This post is part of a 95 post series discussing the 95 theses of the Cluetrain Manifesto as they relate to business in 2009. Read more about the series in the introduction post. And check out the rest of the series!
Thesis #14: Corporations do not speak in the same voice as these new networked conversations. To their intended online audiences, companies sound hollow, flat, literally inhuman.
It’s really difficult to discuss “voice” when related to text and messaging. While there are different types of “voice” related to language and communication, the type that many people most lucidly process is the audible kind.
This is going to make things difficult when it comes time to turn this series into an e-book or go to print, but in the mean time we don’t have to worry about those constraints. This is the internet!
So. It’s example time.
Twine.com – What happens when you let things unwravel
Twine.com launched a beta back in October 2007. It allows it’s users to collect, share, and discover things they are interested in. Early semantic web stuff, whatever that meant then. Cool platform. Not my point.
They launched a year later with a redesign (yay beta feedback!), some solid press. Unfortunately, most of that press left users confused about what it actually did. Semantic web is a kinda heady concept that we won’t bother getting into here. That, itself, isn’t even the problem.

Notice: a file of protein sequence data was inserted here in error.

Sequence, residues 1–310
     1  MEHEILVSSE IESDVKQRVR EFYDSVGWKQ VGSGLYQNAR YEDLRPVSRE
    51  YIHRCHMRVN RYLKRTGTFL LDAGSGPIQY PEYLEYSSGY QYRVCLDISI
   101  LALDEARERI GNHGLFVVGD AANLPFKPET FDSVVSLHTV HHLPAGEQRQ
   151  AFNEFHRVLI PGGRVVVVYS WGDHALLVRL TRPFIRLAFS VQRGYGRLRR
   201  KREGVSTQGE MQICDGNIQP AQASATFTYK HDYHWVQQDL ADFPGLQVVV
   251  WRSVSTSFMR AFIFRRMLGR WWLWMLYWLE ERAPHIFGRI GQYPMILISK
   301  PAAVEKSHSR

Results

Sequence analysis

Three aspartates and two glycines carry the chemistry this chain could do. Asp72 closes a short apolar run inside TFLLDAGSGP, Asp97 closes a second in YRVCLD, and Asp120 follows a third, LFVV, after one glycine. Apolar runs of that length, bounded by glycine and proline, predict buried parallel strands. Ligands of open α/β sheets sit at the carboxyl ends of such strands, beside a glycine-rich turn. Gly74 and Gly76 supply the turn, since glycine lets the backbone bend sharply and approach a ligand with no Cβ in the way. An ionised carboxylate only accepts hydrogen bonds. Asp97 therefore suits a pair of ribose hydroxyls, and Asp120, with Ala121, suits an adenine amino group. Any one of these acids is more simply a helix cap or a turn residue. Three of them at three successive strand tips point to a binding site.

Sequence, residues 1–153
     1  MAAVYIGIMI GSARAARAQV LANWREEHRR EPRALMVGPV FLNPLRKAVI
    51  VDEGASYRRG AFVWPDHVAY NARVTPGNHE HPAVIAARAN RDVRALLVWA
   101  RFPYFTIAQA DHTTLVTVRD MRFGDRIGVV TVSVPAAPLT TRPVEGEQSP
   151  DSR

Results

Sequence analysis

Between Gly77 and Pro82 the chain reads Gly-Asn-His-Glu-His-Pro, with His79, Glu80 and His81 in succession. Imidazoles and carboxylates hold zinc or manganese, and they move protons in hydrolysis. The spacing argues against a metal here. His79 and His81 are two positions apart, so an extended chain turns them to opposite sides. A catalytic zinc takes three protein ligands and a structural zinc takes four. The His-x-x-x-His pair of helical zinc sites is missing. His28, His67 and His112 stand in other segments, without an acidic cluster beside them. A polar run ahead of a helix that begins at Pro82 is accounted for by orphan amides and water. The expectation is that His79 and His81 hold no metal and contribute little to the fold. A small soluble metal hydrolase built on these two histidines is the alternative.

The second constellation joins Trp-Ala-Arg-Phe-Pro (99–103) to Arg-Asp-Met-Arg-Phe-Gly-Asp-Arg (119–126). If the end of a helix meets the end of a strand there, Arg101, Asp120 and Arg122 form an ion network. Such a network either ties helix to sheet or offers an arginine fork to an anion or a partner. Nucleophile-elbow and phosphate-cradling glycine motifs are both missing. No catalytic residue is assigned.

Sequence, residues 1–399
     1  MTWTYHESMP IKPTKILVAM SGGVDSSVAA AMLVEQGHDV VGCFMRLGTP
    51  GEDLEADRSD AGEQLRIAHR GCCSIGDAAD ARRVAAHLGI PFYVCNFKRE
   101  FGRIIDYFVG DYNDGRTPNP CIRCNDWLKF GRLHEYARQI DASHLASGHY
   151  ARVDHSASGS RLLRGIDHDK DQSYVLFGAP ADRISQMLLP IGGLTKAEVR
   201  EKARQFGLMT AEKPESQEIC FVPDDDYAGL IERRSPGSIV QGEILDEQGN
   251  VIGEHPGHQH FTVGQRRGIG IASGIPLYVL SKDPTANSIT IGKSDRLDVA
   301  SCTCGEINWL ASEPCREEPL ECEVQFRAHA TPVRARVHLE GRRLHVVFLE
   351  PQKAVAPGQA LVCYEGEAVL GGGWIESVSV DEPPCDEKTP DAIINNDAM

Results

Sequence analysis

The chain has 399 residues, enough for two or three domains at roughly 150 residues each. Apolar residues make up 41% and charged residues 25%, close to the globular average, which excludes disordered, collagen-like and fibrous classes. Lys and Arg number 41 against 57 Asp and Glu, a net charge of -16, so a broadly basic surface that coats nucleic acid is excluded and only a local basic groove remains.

The real problem was that the corporate overview language was…well…just that. Corporate. It’s bad enough that the concept is heady, why would you fill your descriptive – read “marketing” – messages with language that normal people don’t use?
Twine: The Overview
This overview was descriptive…but it’s voice was mechanical. It sounded like it was written by someone who’d been immersed in Twine for a while, instead of by someone with a voice that the audience could identify with: someone trying to understand what the heck Twine is for.
The day after the launch, a Twine employee uploaded the same overview video to their personal Youtube account. OK. Not the exact same video. Here’s the caption from that video:
Our site www.twine.com needed an overview video. I came up with this as a practical joke on the team with some help from Sam. Basically, we changed the voice over and the music to make the video a little less “corporate”.
Warning: this is extreme, and has some…um…language issues.
Twine: The (Unofficial) Overview
The video didn’t change. But the voice did.
The unofficial parody voice was extreme, but it was one that somebody could identify with. The only people who could connect with the original one were the internal people at Twine, and even they seemed to prefer the parody video.
What’s really amazing is that the company embraced it. A video like this could have come from anywhere, employees or customers, and Twine could have buried it. Instead, they have a video that got 25x more viewership on Youtube compared to the corporate-speak variation.
Disclaimer: The purpose of this demonstration is to show the difference between corporate-speak, and…the other thing. It’s not to say that every company can, or even should, convert their marketing messages into Web 2.0 gangsta-speak.
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